The U.S. tire market, showing little growth in 2007 after a dismal 2006, should rebound in 2008, according to the Rubber Manufacturers Association.
Replacement tire shipment growth in the light vehicle market will be 2.5 to 3 percent, the RMA said in its year-end 2007 summary.
Aftermarket passenger tire shipments are expected to rise about 2.5 percent next year, or about 5 million units, and light truck tire shipments are forecast to climb 2.9 percent, or 1 million units, over 2007.
At the same time, the RMA revised its earlier projections of a decline in 2007 shipments, saying now the replacement passenger and light truck tire markets should end the year up 3.3 percent and 1.8 percent, respectively, over 2006.
Replacement shipments of commercial truck tires, on the other hand, should fall 2.7 percent, or 500,000 units, from 2006, reflecting a weaker economic environment in the fourth quarter. Increased industrial activity should provide momentum for a rebound in 2008 back to the 2006 plateau, the RMA said.
The RMA cited revised economic growth forecasts for both the consumer and commercial sectors for its own shipment revisions. Overall, replacement shipments should be up about 2.7 percent over 2006, while original equipment shipments will fall 8.2 percent short of 2006.
In addition to rising vehicle registrations, the RMA said studies show U.S. consumers´ driving habits have not been affected significantly because of higher fuel costs for its 2008 market demand forecast.
The industry trade group also sees OE demand rebounding in 2008 moderately from a down year in 2007. Despite the projected recovery, OE shipments in all three categories will fall short of the 2006 level.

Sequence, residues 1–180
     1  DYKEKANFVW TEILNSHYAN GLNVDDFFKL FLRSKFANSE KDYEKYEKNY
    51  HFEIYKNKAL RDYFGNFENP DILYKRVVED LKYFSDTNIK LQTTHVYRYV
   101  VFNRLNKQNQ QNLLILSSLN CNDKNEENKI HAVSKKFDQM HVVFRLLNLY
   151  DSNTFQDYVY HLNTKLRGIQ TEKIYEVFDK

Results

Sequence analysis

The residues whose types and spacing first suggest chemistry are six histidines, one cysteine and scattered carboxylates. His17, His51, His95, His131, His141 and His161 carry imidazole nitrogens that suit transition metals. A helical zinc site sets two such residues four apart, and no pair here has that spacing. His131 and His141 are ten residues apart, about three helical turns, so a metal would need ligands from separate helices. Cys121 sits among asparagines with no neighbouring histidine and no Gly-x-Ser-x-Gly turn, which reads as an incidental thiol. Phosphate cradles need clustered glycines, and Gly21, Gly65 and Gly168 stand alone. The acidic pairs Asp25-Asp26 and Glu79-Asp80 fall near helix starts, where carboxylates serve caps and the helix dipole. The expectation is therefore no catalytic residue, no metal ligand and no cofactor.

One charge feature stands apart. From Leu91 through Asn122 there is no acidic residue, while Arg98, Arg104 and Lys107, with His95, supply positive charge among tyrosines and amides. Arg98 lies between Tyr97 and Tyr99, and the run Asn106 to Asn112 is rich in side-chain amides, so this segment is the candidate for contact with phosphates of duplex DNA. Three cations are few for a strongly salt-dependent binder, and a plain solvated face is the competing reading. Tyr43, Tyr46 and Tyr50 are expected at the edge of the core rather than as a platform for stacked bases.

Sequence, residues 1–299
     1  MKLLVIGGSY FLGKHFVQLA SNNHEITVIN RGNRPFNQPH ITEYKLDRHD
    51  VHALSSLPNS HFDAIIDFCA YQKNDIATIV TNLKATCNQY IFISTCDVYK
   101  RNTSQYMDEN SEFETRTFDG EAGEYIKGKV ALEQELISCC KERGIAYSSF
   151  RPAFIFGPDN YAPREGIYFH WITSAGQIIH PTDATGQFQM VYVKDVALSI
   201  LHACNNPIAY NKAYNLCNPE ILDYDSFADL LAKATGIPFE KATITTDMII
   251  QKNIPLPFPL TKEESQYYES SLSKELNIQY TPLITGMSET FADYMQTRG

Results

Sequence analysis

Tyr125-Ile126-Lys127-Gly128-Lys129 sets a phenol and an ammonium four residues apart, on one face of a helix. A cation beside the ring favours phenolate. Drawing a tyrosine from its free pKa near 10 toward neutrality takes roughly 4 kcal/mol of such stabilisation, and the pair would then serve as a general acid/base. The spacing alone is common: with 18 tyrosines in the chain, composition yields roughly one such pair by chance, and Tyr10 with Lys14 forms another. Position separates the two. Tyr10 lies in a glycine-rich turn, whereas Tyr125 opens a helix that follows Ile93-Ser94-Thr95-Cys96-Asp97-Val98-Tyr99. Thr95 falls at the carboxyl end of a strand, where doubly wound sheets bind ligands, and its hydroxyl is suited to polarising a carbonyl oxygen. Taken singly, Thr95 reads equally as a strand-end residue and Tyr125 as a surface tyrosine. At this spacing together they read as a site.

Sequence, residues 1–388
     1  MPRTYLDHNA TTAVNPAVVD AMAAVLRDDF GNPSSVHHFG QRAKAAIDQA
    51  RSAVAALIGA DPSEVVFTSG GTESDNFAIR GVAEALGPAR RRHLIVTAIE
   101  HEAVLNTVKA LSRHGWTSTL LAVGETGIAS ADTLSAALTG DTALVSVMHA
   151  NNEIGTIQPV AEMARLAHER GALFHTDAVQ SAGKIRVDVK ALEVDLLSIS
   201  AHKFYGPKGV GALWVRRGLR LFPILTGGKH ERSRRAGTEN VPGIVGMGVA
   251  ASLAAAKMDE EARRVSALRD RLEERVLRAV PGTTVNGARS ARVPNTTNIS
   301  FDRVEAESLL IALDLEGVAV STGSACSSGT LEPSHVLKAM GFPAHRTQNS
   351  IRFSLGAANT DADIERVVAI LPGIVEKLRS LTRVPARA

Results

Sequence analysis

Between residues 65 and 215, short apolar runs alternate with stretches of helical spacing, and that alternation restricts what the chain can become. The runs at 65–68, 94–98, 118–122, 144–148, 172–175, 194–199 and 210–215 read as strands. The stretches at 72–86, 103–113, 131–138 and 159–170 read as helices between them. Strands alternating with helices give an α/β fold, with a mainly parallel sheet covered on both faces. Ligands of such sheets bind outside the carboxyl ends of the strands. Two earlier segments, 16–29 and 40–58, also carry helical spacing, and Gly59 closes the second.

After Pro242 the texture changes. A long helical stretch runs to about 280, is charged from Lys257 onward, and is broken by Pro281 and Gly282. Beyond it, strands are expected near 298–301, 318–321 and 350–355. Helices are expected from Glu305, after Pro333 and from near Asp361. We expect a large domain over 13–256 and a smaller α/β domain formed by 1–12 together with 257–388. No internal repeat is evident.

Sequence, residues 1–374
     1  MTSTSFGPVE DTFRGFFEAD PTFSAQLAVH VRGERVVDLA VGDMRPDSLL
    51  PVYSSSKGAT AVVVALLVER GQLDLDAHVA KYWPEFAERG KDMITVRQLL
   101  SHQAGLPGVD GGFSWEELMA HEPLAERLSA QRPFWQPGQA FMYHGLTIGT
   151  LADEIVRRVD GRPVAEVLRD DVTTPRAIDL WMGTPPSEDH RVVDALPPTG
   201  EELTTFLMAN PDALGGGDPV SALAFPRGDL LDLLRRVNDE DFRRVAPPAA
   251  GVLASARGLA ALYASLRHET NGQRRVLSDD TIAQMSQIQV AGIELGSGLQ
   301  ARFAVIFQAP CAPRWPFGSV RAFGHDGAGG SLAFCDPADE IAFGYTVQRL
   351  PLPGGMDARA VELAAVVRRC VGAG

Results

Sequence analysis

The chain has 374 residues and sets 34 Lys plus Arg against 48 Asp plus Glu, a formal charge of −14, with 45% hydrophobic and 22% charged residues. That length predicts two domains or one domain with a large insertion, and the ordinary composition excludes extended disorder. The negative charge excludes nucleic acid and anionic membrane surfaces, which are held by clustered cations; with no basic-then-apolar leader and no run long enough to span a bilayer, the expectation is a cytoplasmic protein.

The RMA did not comment on production for 2007 or 2008, but the group´s data through August showed production down from the comparable 2006 level across the board.
Optimistic tire makers
Individually, tire makers still are concerned about the volatility of raw materials prices and energy costs.
In North America, Cooper Tire & Rubber Co. is looking forward to 2008 based on its relationships with "solid customers in all channels who respect our ability to deliver quality tires with exceptional service," according to a statement by Roy Armes, chairman, president and CEO.
The company sees the economy in an election year as a "wild card" but expects shipments of light-duty vehicle tires to grow on higher vehicle registrations and continued vehicle usage at or above historical rates.
Armes also anticipates significant growth in Mexico for both Cooper and associate brands following its agreement last year with local tire maker Corporacion de Occidente S.A. de C.V. to set up a commercial joint venture, which includes some off-take production.
Bridgestone Americas Holding Inc. views escalating raw material prices and energy costs and record weakness of the U.S. dollar as creating unprecedented challenges for 2008.
The company said it will focus on controlling expenses to ensure it remains lean and strategic, while also continuing to build demand for its larger, higher-margin tires, such as high-performance, luxury touring and winter tires.
In data posted on its Web site, Michelin said the aftermarket light-duty vehicle market in North America through November grew 1.3 percent, whereas the OE market fell 1.6 percent. On the truck side, Michelin´s data show a 2.2-percent decline in aftermarket demand and a 31.1-percent drop on the OE side.
Farm and off-the-road tire and wheel maker Titan International Inc. should approach $1 billion in sales next year and achieve a pretax earnings ratio of 15 percent or better, according to Chairman and CEO Maurice Taylor Jr. He bases his prediction on strong demand for off-the-road mining tires and pent-up demand for farm tires, as well as Titan´s decision to broaden its product portfolio to include 63-inch OTR tires.